The effects of actions like these need to be measured against something – and the business-as-usual scenarios are that something. The methodology is an important step towards estimating the reduction of utilities’ carbon footprints, and a strong technical component for further implementation of climate policies, right up to regional and national scales.

As global temperatures rise, it is the water cycle that is changing most dramatically, most unpredictably, and with some of the greatest consequences for people everywhere. Climate change is disrupting water availability and quality, amplifying floods and storms, and increasing the frequency of droughts. For water-sector decision makers, all of these impacts add up to a fundamental disruption: decisions that were once based on historical data are now afloat in uncertainties about the climate of the future.

At the same time, the water sector is, itself, a place to take on the drivers of climate change. The sector currently contributes up to 5% of global greenhouse gas emissions, and with demand for water set to increase by 20-30% [1] in the next 30 years, its emissions will only rise – unless something is done.

Municipal systems, global commitments

Strong mitigation potential lies in urban water and wastewater systems, whose energy consumption, mostly driven by fossil fuels, makes up as much as 40% of municipal energy use in some cities. In developing and emerging countries, water and wastewater utilities often rely on inefficient pumps, leaky distribution lines and dated treatment technologies. They emit carbon dioxide from their energy use, and even more potent greenhouse gases – methane and nitrous oxide – from the breakdown of untreated or poorly treated sewage. Since 2014, the project Water and Wastewater Companies for Climate Mitigation (WaCCliM) has been working with selected countries and utilities to prove that in the urban water sector, climate mitigation action can be achieved alongside, and in harmony with, climate-resilient sustainable development.

WaCCliM’s experience has shown that the flow of water into, through and out of cities connects some of the largest commitments of developing and emerging countries. Among these, two stand largest: the Nationally Determined Contributions (NDCs) that governments have pledged in order to reach the climate targets of the Paris Agreement; and the Sustainable Development Goals (SDGs) that they are striving to achieve by 2030.

Clean water and sanitation command their own SDG, Goal 6, but in truth water runs through nearly all of the goals, and unites them with success or failure in climate action. Even in a stable climate, countries would be facing an enormous challenge just to reach Goal 6 – availability and sustainable management of water and sanitation for all. Billions of people still live without safe water, sanitation or both, and the effects undermine other goals like health, equality and the vision of sustainable cities. Now the uncertainties of the climate require thinking even harder about water insecurity, including in cities; about which people have as much water as they need without having more than they can manage, about how clean that water will be under all possible conditions, and about how to generate the energy that will get it there.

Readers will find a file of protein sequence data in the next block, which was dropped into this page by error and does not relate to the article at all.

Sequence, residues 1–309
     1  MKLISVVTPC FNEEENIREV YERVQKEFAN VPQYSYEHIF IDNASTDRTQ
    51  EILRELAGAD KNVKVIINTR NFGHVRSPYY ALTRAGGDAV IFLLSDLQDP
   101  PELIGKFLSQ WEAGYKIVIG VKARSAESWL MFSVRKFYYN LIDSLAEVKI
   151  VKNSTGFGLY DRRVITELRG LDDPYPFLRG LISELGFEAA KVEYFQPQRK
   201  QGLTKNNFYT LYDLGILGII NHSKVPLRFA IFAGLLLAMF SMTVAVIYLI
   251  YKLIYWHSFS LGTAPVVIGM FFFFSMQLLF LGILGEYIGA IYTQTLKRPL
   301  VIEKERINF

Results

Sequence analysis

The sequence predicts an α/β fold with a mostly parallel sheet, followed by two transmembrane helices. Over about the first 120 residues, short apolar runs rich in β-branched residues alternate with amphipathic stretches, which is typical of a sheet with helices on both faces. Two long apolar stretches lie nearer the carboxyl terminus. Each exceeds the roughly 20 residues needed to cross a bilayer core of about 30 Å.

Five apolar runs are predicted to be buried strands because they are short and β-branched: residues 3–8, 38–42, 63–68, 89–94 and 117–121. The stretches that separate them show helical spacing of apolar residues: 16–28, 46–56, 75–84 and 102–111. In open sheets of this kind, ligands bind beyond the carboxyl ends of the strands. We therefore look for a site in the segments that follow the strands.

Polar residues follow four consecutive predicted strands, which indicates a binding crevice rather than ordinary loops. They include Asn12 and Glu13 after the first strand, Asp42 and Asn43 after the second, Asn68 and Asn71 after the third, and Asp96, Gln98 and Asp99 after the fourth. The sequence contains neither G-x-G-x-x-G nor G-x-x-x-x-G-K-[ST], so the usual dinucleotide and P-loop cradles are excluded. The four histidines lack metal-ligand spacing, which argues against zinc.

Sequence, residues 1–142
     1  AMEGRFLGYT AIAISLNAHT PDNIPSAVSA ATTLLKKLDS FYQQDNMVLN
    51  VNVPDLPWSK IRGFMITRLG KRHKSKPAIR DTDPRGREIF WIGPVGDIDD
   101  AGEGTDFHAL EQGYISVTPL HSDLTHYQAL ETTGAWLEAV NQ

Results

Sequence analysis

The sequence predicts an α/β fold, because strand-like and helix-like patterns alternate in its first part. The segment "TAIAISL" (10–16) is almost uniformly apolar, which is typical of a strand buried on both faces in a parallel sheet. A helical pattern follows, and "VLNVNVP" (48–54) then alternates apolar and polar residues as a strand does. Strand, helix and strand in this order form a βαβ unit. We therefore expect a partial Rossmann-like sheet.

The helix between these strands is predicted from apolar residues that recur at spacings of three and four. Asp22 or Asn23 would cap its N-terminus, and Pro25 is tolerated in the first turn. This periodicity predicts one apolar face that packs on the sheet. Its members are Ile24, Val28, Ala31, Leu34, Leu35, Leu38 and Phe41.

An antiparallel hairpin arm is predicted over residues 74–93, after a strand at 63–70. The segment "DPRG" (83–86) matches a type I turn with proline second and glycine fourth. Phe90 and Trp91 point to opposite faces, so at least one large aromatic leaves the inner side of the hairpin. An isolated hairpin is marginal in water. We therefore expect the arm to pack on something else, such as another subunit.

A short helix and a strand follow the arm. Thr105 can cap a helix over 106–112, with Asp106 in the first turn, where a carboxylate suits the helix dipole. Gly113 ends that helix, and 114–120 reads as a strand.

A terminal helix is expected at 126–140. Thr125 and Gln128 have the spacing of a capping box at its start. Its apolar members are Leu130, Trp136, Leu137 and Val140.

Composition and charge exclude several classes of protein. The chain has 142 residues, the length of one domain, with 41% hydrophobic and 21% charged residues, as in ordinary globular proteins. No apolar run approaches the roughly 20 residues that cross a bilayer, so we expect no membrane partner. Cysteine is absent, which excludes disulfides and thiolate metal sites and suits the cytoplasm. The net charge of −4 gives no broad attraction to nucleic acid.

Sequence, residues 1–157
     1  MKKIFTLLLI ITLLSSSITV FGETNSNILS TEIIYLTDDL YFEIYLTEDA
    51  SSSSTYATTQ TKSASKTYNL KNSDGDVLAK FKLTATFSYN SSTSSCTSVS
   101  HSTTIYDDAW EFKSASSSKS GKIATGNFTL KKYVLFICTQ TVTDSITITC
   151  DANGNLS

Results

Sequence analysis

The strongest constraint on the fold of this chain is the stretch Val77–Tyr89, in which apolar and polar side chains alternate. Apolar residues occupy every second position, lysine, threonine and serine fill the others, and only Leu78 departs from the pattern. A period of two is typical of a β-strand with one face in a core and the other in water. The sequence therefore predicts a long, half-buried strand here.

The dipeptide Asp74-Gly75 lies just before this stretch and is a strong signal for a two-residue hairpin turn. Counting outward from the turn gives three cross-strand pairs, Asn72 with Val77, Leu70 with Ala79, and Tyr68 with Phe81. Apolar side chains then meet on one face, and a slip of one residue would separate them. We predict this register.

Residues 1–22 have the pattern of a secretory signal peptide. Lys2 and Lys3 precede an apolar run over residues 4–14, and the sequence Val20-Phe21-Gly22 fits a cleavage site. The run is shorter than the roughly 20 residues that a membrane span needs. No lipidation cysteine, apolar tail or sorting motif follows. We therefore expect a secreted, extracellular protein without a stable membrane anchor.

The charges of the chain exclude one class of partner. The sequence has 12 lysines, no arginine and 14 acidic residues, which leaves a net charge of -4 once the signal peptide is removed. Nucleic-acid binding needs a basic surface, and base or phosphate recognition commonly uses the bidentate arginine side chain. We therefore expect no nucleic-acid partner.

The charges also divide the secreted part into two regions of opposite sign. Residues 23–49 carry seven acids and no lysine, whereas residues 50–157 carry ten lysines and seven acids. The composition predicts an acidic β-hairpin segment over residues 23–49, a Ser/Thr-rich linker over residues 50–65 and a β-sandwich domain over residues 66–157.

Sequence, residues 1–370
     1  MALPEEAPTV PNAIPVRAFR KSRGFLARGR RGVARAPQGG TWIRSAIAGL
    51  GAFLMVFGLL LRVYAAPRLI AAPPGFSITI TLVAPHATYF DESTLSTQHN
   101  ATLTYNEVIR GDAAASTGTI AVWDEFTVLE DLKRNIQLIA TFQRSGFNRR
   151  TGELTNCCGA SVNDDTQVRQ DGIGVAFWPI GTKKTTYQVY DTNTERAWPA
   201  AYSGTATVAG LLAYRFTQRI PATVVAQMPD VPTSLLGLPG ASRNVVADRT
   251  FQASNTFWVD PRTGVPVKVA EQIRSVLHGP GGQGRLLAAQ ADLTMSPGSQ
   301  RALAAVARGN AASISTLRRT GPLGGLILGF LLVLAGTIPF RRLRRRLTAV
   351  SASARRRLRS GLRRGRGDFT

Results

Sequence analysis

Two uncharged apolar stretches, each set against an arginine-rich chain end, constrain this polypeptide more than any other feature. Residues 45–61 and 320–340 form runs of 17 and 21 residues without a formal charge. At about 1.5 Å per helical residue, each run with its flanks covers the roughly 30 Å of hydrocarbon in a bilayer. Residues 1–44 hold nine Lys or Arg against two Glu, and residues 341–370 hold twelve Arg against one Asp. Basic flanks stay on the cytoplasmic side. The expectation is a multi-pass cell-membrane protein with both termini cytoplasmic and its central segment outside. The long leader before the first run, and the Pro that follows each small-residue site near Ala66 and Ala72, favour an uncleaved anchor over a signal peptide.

A climate-smart roadmap

WaCCliM’s Roadmap to a Low-Carbon Urban Water Utility, a tool for water and wastewater utilities with mitigation goals. © GIZ

The NDCs that countries have submitted reveal an awareness of just how central water is to climate adaptation. According to a Global Water Partnership analysis of 80 NDCs, investing in water infrastructure, institutions or governance is a key priority in 89% of the surveyed countries, and practically all countries indicate that some kind of water action is necessary for adaptation. Far fewer NDCs, however, mention the substantial opportunities to reduce greenhouse gas emissions found in the urban water and wastewater sector. It’s here that WaCCliM is guiding countries to mitigation opportunities, starting at the utility level.

The Project has introduced a roadmap of systematic steps and measures towards low-carbon water and wastewater utilities that can also plan for climate risks and improve their services to better support sustainable development. Helping utilities on this path is the project’s Energy Performance and Carbon Emissions Assessment and Monitoring Tool (ECAM), which any utility can use to assess its emissions and pinpoint opportunities to use less energy – or even generate its own energy.

From the utility up

WaCCliM has piloted mitigation solutions, ranging from energy-efficient pumps to technologies for generating power with wastewater biodigesters, with utilities in Jordan, Mexico, Peru and Thailand. The measures prioritised in these pilots have achieved total mitigation equivalent to 10,000 tons of carbon dioxide – or planting 50,000 trees – per year. WaCCliM is also introducing adaptation thinking by helping the pilot utilities develop climate risk plans, advising utility personnel on ways to build water system resilience to the risks identified, reducing water losses and recycling treated wastewater. The toolbox of both mitigation and adaptation planning measures will be available to utilities everywhere on the knowledge platform Climate Smart Water.